After a while, he wondered if they all had left. His ears twitched trying to hear anything.

  Suddenly, a shot rang out followed by an anguished scream. He heard one of the soldiers shout, “Over there!” and then there was a flurry of bangs and whizzes as red flashes rent the air. Another soldier yelped as he was hit.

  One of the other soldiers called, “They’re behind the trees!”

  “There’s one over here!” yelled another from a different direction.

  A stray blast struck the foot of Grant’s tree. It shook the branch upon which he was perched and sent a hail of leaves raining down below.

  Then scores of red lights zipped past like hornets made of lightning. They flew wildly, hammering their way up the side of the crap apple tree. One even struck the underside of Grant’s branch with a sizzling whack. More people cried out, but Grant couldn’t tell anymore if it was the devils or their assailants.

  The battle ceased. He heard no more blasts or shouts. A thin wisp of smoke rose silently from where the bolt had struck his roost.

  Grant considered climbing down and making a run for it, but he wasn’t sure who had won. He might hastily reveal himself to the soldiers. Even if they all were dead, their assailants could be even worse. But then his bowels clenched up violently. It was time to go no matter who had won.

  He grabbed his pack from the crook of the tree and slung it over his shoulders. Gripping onto his branch with both hands, he swung onto the next sturdy one below. The next one was a longer drop, but with a nimble leap he was able to hop down without losing his balance. He navigated like this from limb to limb until all that remained was fifteen ankle-shattering feet of smooth tree trunk that he had no choice but to shimmy down. He took one last look around, but there was no sign of the soldiers or their attackers so he lowered himself down the tree by finding small grooves in the bark to place his feet. Half way down he pushed off the trunk and landed in the soft grass with a cushiony thump.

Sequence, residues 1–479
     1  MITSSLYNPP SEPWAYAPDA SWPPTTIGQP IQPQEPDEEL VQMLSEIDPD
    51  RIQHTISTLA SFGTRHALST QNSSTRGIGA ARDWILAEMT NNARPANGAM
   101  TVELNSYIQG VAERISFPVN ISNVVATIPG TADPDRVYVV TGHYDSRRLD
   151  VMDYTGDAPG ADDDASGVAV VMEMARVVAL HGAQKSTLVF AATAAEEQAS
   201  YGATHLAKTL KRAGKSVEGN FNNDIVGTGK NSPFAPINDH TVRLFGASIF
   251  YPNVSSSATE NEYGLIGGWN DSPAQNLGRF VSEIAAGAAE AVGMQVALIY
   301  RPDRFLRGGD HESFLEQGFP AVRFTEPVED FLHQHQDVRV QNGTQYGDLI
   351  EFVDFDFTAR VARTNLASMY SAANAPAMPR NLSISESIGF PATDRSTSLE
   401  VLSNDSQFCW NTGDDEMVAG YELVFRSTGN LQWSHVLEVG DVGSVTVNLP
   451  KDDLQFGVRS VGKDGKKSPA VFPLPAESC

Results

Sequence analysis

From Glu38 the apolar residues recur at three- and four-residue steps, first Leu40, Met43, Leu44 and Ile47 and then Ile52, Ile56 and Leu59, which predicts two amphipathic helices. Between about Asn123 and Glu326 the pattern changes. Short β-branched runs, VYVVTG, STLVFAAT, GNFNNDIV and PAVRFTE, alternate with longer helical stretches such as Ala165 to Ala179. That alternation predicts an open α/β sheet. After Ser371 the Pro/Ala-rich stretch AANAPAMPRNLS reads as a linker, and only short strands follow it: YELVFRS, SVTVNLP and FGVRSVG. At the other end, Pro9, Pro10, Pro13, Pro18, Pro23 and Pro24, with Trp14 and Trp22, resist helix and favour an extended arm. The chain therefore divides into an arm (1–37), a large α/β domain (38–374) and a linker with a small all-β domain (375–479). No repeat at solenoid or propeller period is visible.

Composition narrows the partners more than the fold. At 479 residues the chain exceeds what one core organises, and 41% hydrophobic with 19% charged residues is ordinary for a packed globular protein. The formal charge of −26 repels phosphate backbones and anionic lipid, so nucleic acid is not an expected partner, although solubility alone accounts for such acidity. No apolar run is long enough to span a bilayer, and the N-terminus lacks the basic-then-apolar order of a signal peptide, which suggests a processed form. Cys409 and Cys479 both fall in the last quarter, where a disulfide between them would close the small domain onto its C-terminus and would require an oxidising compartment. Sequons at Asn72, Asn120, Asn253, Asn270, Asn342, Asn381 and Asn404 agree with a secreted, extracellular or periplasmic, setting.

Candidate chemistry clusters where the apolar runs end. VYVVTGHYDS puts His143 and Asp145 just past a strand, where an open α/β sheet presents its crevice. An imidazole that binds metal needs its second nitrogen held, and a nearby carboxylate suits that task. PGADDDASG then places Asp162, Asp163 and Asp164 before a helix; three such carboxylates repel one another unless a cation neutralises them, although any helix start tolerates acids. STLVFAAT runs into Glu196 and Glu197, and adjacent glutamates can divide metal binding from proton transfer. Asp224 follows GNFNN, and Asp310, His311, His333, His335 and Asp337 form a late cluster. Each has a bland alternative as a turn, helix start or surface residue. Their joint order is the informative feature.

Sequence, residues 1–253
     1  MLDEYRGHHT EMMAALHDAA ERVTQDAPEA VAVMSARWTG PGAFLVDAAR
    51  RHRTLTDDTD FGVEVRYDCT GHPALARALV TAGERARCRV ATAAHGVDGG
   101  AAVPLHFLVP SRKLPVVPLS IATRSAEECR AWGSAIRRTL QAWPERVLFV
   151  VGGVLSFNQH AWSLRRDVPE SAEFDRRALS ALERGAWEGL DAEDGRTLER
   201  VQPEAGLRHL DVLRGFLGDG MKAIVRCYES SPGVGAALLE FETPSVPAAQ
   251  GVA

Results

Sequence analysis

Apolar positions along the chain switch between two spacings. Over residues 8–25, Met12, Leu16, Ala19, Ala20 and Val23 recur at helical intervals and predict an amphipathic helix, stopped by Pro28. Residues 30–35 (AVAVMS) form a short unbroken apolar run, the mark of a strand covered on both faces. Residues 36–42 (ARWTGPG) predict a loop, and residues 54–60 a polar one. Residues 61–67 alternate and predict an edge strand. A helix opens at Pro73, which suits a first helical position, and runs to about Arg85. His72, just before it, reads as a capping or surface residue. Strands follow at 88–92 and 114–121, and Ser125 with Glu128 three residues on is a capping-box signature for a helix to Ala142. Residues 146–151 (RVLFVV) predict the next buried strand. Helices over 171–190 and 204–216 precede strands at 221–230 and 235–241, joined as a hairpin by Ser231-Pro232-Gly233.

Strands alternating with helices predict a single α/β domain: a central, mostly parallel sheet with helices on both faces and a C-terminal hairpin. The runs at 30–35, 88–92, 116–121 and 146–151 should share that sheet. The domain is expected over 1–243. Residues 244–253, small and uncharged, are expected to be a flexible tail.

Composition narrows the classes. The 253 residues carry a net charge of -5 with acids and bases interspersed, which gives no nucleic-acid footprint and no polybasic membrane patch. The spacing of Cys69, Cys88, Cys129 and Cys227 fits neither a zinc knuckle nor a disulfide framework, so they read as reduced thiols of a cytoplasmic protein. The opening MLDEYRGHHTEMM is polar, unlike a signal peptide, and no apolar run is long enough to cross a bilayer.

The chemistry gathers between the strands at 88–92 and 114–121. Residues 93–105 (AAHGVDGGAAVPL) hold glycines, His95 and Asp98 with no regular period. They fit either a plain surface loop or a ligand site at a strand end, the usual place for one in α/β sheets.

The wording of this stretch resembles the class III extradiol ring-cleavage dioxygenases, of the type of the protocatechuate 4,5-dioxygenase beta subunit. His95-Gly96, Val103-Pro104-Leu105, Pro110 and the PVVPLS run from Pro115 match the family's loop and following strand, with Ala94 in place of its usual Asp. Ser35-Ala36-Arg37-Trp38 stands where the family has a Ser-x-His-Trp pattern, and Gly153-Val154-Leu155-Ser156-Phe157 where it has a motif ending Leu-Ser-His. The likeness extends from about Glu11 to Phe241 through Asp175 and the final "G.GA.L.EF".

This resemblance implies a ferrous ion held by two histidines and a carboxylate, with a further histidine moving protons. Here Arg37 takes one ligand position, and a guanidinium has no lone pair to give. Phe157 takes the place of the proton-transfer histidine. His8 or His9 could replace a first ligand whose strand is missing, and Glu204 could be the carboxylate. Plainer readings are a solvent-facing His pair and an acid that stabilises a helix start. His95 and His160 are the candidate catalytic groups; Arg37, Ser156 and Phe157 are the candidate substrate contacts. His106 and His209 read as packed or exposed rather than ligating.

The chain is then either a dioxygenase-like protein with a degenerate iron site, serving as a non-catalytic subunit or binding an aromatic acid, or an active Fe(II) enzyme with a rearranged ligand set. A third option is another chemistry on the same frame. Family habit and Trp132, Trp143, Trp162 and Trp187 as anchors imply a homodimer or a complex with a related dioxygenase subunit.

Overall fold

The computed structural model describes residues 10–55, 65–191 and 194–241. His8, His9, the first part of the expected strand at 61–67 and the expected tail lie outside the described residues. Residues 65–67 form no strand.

“Don’t move!” ordered a woman’s voice behind him.

  Grant’s stomach dropped, which was not easy considering how full it was of bad fruit. He could not see who spoke to him. Had one of the horned soldiers returned?

  “Keep your hands away from your pockets!” commanded the stranger. “In fact,” she reconsidered, “put them behind your head.”

  Grant obliged. He then felt a sword tip press sharply into his side as the woman raided his pockets.

  “I’m unarmed,” he declared, hoping she wouldn’t shoot. “I don’t do magic.”

  “Magic?” asked his assailant, perplexed.

  “Moving,” Grant corrected, “I don’t do it.”

  “Then what’s this blade for?” said the woman, discovering the knife he kept stowed in his bag.”

  “It’s for sandwiches!” Grant explained. “I love sandwiches!”

  He winced as her blade jabbed harder against his side. It wouldn’t take much more to run him through. Meanwhile, his stomach growled vociferously. “Careful with that or you’ll make me pop like the smelliest balloon ever!”

  “Huh?” said the woman, then, realizing what Grant was implying she snapped, “Knock off the jokes! Who are you and what were you doing with the demons?”

  “Demons?” Grant asked.

  “Yeah, the demons!” flared the woman, who sounded much younger when she raised her voice.

  “You mean the horned guys?” he asked. “I’m not with them. I was hiding from them. Didn’t you see me up this tree?”